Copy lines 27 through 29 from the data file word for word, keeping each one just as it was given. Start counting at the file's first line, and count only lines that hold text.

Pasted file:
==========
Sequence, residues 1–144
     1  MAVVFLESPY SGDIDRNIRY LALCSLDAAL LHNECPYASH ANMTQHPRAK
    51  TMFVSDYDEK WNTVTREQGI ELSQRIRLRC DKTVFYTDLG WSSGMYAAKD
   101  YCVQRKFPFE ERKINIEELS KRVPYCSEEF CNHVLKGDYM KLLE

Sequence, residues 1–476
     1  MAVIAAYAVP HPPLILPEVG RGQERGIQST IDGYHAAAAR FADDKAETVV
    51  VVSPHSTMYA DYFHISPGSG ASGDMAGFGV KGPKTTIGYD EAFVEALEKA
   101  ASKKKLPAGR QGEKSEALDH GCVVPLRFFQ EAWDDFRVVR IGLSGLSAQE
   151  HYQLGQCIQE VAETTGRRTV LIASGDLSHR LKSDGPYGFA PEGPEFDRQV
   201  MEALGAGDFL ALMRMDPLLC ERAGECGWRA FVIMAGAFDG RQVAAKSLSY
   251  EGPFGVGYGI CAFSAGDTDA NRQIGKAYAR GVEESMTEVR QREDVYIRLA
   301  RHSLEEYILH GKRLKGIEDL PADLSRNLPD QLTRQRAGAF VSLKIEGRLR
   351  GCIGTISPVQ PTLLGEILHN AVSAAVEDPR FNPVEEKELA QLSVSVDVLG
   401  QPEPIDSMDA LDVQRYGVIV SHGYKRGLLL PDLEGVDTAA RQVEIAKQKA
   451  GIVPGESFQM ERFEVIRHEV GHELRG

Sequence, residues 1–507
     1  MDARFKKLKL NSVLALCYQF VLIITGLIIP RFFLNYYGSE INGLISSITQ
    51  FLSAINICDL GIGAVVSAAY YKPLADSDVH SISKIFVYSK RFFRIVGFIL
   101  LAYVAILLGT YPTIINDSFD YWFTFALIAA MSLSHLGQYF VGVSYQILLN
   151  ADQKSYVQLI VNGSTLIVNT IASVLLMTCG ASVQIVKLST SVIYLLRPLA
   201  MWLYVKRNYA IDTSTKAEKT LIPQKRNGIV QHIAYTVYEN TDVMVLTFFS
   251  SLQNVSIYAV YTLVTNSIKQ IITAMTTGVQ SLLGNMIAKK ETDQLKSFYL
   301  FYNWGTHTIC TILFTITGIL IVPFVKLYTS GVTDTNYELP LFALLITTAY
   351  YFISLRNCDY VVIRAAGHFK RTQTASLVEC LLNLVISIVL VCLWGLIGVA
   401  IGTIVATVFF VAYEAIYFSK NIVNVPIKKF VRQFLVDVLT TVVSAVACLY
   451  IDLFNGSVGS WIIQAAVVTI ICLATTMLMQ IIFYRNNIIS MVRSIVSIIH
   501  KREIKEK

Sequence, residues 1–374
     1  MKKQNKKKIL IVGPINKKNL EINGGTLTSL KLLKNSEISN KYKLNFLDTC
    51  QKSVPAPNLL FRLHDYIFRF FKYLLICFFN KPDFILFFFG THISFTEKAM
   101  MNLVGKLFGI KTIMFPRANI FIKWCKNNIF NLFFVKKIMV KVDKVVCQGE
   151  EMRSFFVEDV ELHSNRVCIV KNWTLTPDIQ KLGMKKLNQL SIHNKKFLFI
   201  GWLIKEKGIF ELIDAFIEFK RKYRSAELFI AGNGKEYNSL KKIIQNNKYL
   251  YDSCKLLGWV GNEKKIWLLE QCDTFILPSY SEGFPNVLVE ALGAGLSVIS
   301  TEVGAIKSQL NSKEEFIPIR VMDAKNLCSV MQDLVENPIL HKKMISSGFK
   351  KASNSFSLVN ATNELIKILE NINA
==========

   501  KREIKEK

Sequence, residues 1–374
     1  MKKQNKKKIL IVGPINKKNL EINGGTLTSL KLLKNSEISN KYKLNFLDTC